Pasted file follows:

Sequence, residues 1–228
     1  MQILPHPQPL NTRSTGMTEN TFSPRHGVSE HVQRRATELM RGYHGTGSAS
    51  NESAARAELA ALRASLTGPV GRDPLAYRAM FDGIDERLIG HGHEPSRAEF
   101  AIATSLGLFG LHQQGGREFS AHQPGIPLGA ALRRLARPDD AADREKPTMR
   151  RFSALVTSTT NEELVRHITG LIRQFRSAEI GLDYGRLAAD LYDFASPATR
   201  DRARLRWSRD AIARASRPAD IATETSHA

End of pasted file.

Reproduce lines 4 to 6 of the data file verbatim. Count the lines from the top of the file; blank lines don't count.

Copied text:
   101  AIATSLGLFG LHQQGGREFS AHQPGIPLGA ALRRLARPDD AADREKPTMR
   151  RFSALVTSTT NEELVRHITG LIRQFRSAEI GLDYGRLAAD LYDFASPATR
   201  DRARLRWSRD AIARASRPAD IATETSHA